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Eduard / Hasegawa 1/72 Liberator GR Mk.V Coastal Command


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Hello! My next build is the fantastic looking Eduard "Riders in the Sky" Coastal Command Liberator. There are 13 (!) options for different schemes and I've decided to model the Mk. V, BZ755 as I like its clean lines and the two-tone camouflage on the uppers:

 

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First impression of the kit when you open the box is that there is a lot of plastic! As I'm sure lots of you know, Eduard have re-boxed a Hasegawa kit and added in some extra sprues to build up a GR Mk. III or V. The exterior detail of the kit is lovely with subtle, recessed panel lines and rivets all over. Inside is a bit varied, the bomb-bay detail looks good but cockpit and front gunner / bomb aimer position are pretty bare, there's also no detail in the front wheel bay. 

 

After checking out some previous builds on here and watching some walkarounds on youtube (of US B-24s admittedly) I've come up with an initial plan of action which will address the main areas which I think will make a difference:

 -  Add detail to the cockpit and bomb aimer position, e.g. framework on the walls, some cabling, scratchbuilt bits and bobs basically. I might pose it with the cockpit windows open so a bit more can be seen

 - Do something about the front wheelbay, probably scratch built from plasticard

 - Add Eduard photoetch to the bomb bay, along with new resin bomb bay doors

 - Improve the rear crew compartment with framing on the walls, resin oxygen bottles and scratch made ammo boxes, etc - I'll display it with the hatches open so we can see a bit of what is going on inside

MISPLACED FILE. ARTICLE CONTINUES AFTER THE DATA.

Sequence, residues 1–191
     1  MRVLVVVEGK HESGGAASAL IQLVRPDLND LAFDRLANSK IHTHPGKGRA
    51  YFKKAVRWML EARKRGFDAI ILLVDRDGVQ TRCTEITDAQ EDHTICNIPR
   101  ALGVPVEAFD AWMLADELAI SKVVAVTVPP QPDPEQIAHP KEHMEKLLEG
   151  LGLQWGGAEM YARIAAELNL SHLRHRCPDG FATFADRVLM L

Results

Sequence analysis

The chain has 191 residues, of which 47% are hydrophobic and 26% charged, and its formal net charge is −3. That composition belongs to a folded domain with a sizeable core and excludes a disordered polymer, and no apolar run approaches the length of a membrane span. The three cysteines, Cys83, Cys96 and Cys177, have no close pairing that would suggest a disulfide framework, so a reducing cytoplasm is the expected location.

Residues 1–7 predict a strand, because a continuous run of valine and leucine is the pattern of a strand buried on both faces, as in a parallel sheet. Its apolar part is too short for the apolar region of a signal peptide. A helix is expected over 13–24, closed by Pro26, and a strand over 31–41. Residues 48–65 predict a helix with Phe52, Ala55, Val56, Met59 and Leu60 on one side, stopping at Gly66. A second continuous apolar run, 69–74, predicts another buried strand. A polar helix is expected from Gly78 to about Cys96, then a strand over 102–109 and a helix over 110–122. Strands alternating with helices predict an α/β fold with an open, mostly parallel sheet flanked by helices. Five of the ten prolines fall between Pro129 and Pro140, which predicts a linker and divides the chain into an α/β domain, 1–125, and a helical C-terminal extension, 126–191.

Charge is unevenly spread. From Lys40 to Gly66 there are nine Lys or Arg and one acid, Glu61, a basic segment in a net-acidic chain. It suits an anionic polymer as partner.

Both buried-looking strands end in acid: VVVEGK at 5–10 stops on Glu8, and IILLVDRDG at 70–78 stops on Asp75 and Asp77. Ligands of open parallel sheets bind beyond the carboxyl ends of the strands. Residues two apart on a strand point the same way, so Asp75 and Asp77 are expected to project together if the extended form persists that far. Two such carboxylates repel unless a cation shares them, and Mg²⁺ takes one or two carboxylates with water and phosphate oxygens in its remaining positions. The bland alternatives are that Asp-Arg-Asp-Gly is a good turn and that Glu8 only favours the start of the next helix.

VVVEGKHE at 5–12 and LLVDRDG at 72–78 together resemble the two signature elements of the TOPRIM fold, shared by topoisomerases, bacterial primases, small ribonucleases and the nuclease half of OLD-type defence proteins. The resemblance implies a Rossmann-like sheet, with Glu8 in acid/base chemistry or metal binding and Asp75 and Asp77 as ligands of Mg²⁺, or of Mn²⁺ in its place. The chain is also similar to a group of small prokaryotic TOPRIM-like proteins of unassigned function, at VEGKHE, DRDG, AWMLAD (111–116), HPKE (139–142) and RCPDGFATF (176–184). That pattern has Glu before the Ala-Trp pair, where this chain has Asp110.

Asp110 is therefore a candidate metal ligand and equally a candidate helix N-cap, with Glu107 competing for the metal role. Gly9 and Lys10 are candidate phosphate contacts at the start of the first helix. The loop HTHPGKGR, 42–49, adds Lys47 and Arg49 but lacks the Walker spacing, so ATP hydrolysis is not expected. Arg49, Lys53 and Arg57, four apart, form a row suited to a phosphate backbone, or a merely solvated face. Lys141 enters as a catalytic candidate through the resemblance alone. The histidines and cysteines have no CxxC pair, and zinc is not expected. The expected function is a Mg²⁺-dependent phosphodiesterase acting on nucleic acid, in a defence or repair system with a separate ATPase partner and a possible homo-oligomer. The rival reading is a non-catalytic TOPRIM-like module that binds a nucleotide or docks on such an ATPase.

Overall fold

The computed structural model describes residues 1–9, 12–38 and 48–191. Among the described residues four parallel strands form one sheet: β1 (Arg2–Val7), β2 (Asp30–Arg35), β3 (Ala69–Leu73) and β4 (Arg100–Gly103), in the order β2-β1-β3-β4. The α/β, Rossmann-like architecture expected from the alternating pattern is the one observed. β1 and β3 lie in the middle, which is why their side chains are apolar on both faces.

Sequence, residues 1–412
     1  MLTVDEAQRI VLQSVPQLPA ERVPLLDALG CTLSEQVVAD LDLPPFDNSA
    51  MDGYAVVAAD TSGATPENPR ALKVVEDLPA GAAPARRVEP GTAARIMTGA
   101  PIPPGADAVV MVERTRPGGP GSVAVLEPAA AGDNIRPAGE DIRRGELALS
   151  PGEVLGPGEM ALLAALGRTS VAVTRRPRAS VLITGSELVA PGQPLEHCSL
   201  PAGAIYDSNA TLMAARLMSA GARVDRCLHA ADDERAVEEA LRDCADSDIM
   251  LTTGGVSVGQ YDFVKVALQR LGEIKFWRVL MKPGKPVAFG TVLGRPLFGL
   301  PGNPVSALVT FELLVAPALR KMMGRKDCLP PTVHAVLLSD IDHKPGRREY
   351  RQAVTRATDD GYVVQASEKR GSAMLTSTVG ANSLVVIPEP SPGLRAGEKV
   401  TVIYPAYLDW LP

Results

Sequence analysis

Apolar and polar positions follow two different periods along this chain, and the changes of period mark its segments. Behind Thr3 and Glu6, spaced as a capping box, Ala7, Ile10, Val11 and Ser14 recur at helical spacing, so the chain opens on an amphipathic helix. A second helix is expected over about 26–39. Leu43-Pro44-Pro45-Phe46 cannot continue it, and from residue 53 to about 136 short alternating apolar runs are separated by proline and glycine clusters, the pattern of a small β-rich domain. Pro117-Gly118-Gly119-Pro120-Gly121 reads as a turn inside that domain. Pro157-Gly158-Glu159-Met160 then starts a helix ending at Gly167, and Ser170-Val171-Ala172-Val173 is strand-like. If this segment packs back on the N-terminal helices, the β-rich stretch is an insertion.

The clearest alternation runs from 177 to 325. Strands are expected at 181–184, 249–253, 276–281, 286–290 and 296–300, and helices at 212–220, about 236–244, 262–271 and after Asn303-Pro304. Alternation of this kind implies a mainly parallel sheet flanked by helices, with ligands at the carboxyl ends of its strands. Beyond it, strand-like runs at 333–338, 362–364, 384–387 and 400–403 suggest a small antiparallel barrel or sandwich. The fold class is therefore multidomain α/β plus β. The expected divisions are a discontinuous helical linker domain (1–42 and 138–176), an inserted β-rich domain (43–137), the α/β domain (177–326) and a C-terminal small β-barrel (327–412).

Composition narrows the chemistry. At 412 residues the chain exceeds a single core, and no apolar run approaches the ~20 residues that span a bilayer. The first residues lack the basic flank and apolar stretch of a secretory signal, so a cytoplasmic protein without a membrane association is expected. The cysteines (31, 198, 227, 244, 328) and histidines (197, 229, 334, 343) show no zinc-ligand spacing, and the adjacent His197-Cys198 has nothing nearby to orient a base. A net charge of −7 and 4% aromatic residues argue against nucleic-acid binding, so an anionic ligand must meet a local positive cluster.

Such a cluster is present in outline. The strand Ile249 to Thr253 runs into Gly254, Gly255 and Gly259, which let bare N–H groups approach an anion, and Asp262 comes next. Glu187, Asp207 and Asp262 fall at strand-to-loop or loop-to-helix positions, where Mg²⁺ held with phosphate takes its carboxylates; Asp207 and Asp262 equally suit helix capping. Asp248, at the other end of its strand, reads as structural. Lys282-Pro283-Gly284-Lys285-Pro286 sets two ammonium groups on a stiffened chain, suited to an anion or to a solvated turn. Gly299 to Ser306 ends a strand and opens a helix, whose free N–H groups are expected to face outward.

- Resin wheels, engines and turbochargers 

 

Extra goodies arrived yesterday along with some paints so I can get started on the interior:

 

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I've started with the cockpit, taking off the blocks for the seats to sit on (I'll replace these with something later) and adding some plausible looking detail with aluminium tape. I've also removed a load of plastic from the panel which goes in front of the cockpit as this appears to have a bin a frame rather than a bulkhead. 

 

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Thanks for taking a look, any hints or warnings greatly appreciated, and yep, I know I've got to find somewhere to stash a load of weight so it isn't a tail sitter:  tungsten shot from my father in law's shotgun cartridge usually does the trick! I'm afraid my builds usually take ages so relax and put your feet up if you want to follow along. Cheers, Sam

 

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17 minutes ago, RJ-WobblyHands said:

I will pull up a seat , eat popcorn, drink coffee , beer  and take notes if that is ok :) , I have one of these in the stash and its on the build list